However, I’m a realist. I know that in spite of what Bernie Sanders says, as POTUS, he’ll be up against an opposition party hell-bent on making government small enough to hula hoop with a Cheerio. So while Bernie Sanders talks about a “political revolution” being part of his strategy of getting things done. The truth is that anything short of the American people storming Capitol Hill with pitchforks and guns will not bring the change he desires. And guess what? The only people crazy enough to fight the government in that manner were those toy-soldier-militia asshats who occupied a federal bird sanctuary in Oregon. Yes, and we can see how well that worked.
To be sure, our political system is in need of campaign finance reform. And yes, reigning in Wall Streets influence on our political apparatus helps some. The truth conveniently omitted from any Bernie Sanders stump speech is that it will take a constitutional amendment to get money out of politics. And guess what? It takes more than an Act of Congress to make this happen. Yes, it will take a constitutional convention; and, this is something that will take years assuming there is a consensus that one is needed. The fact is that the influence of money in politics has always been a thing. It may not have always been to the extent that it is today. But let’s not forget that at one point in this country, the exercise that is casting a ballot was a privilege reserved for white men who owned property.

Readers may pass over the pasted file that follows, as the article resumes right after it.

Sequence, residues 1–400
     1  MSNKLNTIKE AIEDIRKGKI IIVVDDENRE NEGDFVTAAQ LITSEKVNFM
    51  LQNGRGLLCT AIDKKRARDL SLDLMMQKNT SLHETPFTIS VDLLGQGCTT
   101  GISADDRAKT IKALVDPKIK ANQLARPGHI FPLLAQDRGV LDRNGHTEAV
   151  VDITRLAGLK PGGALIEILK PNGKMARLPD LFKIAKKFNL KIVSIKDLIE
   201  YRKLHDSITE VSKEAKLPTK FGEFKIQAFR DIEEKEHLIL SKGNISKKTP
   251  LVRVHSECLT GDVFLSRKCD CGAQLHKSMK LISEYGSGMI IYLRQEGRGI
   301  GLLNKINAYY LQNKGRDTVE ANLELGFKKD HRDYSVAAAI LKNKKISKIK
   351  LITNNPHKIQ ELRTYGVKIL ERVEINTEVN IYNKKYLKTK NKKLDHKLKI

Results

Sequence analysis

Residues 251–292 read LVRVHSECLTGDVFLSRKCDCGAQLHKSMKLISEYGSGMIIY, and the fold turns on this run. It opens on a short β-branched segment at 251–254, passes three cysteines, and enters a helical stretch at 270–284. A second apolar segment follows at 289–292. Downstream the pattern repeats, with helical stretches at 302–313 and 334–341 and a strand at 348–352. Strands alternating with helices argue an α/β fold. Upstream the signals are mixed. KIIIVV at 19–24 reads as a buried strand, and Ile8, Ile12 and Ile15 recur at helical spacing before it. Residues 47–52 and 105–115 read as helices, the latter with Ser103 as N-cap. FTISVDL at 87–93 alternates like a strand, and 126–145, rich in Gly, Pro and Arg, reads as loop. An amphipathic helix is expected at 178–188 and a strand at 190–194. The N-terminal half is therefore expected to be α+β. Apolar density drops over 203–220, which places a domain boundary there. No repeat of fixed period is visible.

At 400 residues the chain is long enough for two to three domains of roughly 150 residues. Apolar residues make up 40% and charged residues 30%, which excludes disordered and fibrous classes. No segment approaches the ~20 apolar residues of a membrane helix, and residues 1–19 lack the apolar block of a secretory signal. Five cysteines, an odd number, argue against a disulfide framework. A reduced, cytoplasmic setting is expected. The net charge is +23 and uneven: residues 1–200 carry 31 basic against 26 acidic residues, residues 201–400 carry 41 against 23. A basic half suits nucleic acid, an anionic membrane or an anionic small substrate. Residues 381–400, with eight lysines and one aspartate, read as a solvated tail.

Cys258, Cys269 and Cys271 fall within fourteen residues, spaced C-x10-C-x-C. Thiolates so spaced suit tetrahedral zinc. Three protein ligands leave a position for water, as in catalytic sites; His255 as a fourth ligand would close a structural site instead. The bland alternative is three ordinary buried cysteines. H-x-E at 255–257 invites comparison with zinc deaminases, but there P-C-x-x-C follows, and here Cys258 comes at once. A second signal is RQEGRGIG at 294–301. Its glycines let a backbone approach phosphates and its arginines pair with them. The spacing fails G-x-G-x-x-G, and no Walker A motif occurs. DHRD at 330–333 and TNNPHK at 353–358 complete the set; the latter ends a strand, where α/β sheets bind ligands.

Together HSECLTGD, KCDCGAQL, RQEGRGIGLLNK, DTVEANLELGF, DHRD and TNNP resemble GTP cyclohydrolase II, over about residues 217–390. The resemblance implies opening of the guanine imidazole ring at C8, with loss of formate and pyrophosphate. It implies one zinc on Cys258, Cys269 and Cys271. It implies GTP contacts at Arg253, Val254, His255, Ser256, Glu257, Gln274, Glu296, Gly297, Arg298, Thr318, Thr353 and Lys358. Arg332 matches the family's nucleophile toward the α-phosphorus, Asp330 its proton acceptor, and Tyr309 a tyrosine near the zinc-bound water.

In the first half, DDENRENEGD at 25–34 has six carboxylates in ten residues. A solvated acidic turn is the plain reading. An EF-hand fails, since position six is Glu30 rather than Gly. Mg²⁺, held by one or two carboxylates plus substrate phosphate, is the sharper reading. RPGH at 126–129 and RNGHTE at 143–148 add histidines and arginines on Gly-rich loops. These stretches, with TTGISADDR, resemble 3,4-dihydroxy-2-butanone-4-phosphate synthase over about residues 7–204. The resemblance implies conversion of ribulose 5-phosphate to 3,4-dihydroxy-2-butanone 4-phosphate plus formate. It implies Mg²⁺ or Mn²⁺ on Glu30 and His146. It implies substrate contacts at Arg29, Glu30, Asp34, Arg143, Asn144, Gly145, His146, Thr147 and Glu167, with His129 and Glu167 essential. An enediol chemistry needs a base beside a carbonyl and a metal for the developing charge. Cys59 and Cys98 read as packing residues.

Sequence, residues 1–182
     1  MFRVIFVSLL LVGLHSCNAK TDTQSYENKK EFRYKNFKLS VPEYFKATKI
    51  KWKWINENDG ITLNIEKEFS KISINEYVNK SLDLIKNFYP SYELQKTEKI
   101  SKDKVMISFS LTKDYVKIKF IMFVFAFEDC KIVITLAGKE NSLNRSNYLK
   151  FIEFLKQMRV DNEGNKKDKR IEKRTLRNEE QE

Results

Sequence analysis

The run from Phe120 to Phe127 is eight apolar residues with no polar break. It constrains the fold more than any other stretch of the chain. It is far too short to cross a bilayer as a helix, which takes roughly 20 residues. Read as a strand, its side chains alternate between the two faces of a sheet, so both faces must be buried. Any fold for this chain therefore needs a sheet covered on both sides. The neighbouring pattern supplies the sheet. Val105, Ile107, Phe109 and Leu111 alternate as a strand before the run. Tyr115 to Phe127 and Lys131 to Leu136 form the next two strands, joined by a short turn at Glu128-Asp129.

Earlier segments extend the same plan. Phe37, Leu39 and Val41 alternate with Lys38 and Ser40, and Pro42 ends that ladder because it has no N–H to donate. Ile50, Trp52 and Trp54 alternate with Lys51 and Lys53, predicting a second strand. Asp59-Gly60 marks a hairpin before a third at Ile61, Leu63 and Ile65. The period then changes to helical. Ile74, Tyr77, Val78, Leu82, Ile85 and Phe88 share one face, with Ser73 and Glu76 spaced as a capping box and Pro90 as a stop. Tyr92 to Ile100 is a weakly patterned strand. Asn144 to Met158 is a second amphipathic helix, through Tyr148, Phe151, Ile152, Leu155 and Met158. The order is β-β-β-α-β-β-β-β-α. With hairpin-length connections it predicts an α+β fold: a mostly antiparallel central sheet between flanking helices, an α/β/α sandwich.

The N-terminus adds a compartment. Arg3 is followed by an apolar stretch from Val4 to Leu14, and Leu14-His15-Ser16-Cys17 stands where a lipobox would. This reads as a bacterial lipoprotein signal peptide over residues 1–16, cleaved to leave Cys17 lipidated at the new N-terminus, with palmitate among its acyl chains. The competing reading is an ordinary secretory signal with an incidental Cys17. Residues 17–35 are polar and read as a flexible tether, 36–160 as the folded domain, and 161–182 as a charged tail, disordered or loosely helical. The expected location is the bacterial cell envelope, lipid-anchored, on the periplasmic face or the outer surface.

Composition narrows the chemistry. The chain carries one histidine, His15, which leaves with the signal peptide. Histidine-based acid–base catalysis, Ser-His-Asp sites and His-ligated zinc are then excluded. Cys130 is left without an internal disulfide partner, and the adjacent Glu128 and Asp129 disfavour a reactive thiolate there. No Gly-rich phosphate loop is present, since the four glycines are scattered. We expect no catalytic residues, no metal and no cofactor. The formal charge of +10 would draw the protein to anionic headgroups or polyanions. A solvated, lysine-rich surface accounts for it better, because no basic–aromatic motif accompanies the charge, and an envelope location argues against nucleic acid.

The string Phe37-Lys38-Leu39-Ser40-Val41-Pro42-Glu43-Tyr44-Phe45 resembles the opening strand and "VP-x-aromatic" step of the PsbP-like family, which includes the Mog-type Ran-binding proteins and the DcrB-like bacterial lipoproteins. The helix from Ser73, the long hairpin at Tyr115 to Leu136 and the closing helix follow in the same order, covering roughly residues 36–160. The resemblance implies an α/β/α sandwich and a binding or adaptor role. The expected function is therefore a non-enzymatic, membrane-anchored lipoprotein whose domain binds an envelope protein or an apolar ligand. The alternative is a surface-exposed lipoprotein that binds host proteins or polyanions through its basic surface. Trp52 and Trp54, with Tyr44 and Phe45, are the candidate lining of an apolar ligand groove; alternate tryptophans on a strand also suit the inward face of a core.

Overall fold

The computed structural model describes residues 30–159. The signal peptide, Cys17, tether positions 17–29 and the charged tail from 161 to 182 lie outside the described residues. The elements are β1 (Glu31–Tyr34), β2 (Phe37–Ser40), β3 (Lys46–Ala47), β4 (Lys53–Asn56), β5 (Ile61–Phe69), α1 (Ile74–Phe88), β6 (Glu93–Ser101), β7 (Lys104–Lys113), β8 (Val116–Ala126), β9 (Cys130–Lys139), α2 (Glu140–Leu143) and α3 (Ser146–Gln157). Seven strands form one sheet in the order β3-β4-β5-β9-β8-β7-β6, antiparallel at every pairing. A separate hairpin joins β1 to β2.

Look, I love Bernie Sanders like a play cousin. While I’d like to support his candidacy to be the Democratic nominee, I just can’t. Again, it’s not that he has bad ideas, it’s just because there’s no way in hell we’ll see any of his proposals become reality. There’s no political will on the Hill to make any of this happen. And, I’m sorry: Bernie Sanders may be Jewish but his name ain’t Jesus. Until Bernie Sanders starts turning water into wine; and, promoting yet another radical proposal like free lap dances and Viagra for men over forty-five like me. Then yes, maybe then and only then I’ll buy in.
Until then, I’ll continue to worry about paying the mortgage, my medical bills, and how I can tell my daughter that her trip to South Africa might not happen. Until then, I’ll just throw my support behind either Martin O’Malley or Jim Gilmore. Of course, nobody remembers that either one of them are still in the race; and yes, one of them is a Republican. But while neither one of them has a shot at winning a nomination. At least by publicly declaring my support for either one of those guys makes me look crazy enough to dissuade anyone from trying to convince me to support Bernie or Hillary.
Frankly, the debates online have been annoying.
From where I’m sitting, a Bernie Sanders presidency wouldn’t change much of what we see at the federal level. The sad reality is that all politics are local. But yet, we ignore this fact while hanging our hats on the idea that significant change in our lives comes from 1600 Pennsylvania Ave. in Washington D.C.